• Two different minerals are included under this name: Amphibole and Chrysotile.
  • Chrysotile accounts for 80% of the asbestos of commercial use.
  • Rajasthan is the largest producer and accounts for over 94% of the total production in India
  • Andhra Pradesh is the second largest producer followed by Karnataka.


  • It is mainly used in making ammonia sulphate fertilizer and in cement industry.
  • Rajasthan is the main producer followed by Jammu and Kashmir. Rajasthan produces 99 per cent of the total production in (2002-03).


  • Major deposits of magnesite are found in Uttrakhand, Tamil Nadu and Rajasthan.

States’ share in magnesite production (2002-03)

  • Chalk Hills near Salem is the major centre for the production of magnesite in India.

Atomic Minerals

Uranium and Thorium are the main atomic minerals to which many be added i.e., beryllium, lithium and zirconium.

Uranium deposits occur in Jadugoda of Singhbhum and Hazaribagh districts of Jharkhand, Gaya district of Bihar, and in Saharanpur district of Uttar Pradesh. But the largest source of uranium comprise the monazite sands. Although monazite sands occur on east and west coasts and in some places in Bihar, the largest concentration of monazite sand is on the Kerala coast. Some uranium is found in the copper mines of Udaipur in Rajasthan. India produces about 2 per cent of world’s uranium.

Thorium is also derived from monozite. The other mineral carrying thorium is thorianite. Kerala, Jharkhand, Bihar, Tamil Nadu and Rajasthan are the main producers.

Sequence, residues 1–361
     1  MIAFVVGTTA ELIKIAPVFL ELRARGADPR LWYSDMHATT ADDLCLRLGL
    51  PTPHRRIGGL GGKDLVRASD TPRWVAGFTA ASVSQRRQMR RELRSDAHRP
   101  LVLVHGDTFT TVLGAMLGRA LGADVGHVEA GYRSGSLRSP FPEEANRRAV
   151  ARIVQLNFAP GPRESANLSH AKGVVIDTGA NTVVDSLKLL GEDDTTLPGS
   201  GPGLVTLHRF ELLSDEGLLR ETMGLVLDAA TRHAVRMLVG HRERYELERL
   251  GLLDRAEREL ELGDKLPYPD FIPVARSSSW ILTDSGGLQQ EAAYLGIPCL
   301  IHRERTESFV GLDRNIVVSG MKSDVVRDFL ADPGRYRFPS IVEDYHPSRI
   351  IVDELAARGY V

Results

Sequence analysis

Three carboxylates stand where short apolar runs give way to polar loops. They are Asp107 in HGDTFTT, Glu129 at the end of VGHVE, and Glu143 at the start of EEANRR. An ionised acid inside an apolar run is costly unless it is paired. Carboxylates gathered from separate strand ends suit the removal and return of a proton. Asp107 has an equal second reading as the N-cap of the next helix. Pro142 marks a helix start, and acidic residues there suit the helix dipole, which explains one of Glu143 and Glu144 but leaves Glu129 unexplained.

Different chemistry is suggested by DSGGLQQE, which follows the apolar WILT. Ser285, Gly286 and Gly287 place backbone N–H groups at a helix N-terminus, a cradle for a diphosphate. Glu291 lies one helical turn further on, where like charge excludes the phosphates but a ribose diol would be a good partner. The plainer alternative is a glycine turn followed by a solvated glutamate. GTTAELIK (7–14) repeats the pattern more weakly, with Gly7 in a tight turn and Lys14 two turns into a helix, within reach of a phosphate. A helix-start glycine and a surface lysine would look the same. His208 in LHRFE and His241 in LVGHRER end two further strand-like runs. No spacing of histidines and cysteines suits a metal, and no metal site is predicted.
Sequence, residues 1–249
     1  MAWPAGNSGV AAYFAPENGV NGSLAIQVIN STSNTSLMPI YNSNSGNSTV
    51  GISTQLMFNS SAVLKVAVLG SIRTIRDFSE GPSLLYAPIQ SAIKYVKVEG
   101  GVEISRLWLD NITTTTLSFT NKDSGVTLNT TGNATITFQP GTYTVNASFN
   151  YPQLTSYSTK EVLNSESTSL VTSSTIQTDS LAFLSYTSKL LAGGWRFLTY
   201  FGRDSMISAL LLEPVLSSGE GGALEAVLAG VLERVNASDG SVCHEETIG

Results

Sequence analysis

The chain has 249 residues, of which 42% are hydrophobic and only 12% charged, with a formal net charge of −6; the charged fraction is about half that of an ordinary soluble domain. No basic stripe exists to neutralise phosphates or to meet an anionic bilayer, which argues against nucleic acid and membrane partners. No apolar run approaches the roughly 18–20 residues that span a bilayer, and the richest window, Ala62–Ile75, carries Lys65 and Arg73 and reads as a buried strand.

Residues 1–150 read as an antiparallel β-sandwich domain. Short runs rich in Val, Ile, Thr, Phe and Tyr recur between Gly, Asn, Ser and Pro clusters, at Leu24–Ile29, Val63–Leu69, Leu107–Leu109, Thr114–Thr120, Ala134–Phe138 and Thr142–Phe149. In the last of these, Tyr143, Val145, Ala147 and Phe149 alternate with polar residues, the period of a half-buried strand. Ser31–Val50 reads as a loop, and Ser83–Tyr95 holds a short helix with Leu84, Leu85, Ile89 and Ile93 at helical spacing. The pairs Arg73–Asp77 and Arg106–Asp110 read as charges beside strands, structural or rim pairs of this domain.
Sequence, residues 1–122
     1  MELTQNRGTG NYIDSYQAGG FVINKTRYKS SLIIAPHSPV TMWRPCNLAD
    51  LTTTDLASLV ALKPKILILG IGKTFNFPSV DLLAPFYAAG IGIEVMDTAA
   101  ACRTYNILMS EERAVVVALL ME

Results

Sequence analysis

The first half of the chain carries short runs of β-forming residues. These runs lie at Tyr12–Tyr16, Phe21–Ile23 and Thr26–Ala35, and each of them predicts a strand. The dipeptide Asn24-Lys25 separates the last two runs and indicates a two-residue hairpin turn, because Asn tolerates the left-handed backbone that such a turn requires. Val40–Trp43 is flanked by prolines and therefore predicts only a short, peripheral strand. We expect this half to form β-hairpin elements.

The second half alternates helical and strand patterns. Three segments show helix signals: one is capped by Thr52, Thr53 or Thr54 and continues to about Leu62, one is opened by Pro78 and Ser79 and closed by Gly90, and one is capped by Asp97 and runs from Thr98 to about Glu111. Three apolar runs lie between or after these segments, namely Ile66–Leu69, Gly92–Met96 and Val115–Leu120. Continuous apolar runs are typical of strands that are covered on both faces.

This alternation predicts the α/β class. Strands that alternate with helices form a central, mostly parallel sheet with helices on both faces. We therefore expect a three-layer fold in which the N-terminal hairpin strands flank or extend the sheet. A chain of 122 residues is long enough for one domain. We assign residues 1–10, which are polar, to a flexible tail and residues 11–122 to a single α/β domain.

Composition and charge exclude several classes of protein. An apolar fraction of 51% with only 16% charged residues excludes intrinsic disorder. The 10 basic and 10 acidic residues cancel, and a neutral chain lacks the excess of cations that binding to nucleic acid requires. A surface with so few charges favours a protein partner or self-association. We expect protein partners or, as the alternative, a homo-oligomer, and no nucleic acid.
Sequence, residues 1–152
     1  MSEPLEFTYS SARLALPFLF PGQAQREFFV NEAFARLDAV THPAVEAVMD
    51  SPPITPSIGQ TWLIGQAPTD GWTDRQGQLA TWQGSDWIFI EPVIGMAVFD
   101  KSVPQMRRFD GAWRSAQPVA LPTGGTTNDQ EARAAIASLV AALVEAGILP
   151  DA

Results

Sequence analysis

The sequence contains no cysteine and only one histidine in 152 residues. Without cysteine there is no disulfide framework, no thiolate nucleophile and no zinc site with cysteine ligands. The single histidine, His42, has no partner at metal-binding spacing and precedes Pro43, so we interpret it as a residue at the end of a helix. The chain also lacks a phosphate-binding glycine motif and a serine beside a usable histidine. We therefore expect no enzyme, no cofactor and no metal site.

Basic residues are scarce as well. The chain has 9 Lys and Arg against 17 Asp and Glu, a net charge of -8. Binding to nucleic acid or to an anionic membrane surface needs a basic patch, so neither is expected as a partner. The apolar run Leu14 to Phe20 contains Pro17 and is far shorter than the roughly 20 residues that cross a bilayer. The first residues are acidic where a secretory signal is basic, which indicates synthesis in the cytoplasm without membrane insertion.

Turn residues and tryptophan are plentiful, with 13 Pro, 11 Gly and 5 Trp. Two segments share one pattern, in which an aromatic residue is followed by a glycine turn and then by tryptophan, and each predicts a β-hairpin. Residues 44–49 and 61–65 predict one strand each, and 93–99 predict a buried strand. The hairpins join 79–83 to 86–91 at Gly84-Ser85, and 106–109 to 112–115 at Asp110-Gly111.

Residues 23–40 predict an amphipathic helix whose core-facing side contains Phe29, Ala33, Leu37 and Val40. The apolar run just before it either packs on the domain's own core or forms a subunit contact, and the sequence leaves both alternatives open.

Beryllium oxide is used as a ‘moderator’ in nuclear reactors for atomic power generation. India has sufficient reserves of beryllium to meet her requirement of atomic power generation.

Lithium is a light metal which is found in lepidolite and spodumene. Lepidolite is widely distributed in Jharkhand, Madhya Pradesh and Rajasthan as well as in Bastar region of Chhattisgarh.

Zirconium is found along the Kerala coast and in alluvial rocks of Ranchi and Hazaribagh districts of Jharkhand.

Other Minerals

  • India has the largest deposits of kyanite in the world.
  • Jharkhand is the largest producer of Kyanite in India followed by Maharashtra and Karnataka (in descending order).
  • In Sillimanite production, Orissa contributes 55.87% of the total production, followed by Kerala (32.21%) and Maharashtra (11.70%).
  • The main diamond bearing areas are Panna belt in MP, Wajrakarur Kiberlite in Anantapur district and the gravels of the Krishna river basin in Andhra Pradesh.
  • In salt production, rock salt is taken out in Mandi district of Himachal Pradesh. Sambhar lake in Rajasthan produces about 10 per cent of annual production. And Gujarat coast produces nearly half of our salt.

Mineral Fuels

  • Coal (Black Gold)
  • It constitutes about 70% of total commercial energy consumed in India. And, the power sector and industries account for 94% of total consumption.
  • Coal has been described as the bridge into the future.
  • India ranks third in the world after China and USA in coal production.
  • Coal occurs in rock sequences mainly of two geological ages-Gondwana and tertiary deposits.

State-wise distribution of coal reserves (2005-06)

  • Gondwana coal are located in coalfields occupying the Indian heartland, while tertiary coals occur in Assam, Arunachal Pradesh, Meghalaya and Nagaland.

State-wise coal production State Production (Million Tonnes)

Varieties of Coal

  • Anthracite Coal - the best quality of coal and contains 80 to 95% carbon. It is found only in Jammu and Kashmir in small quantity.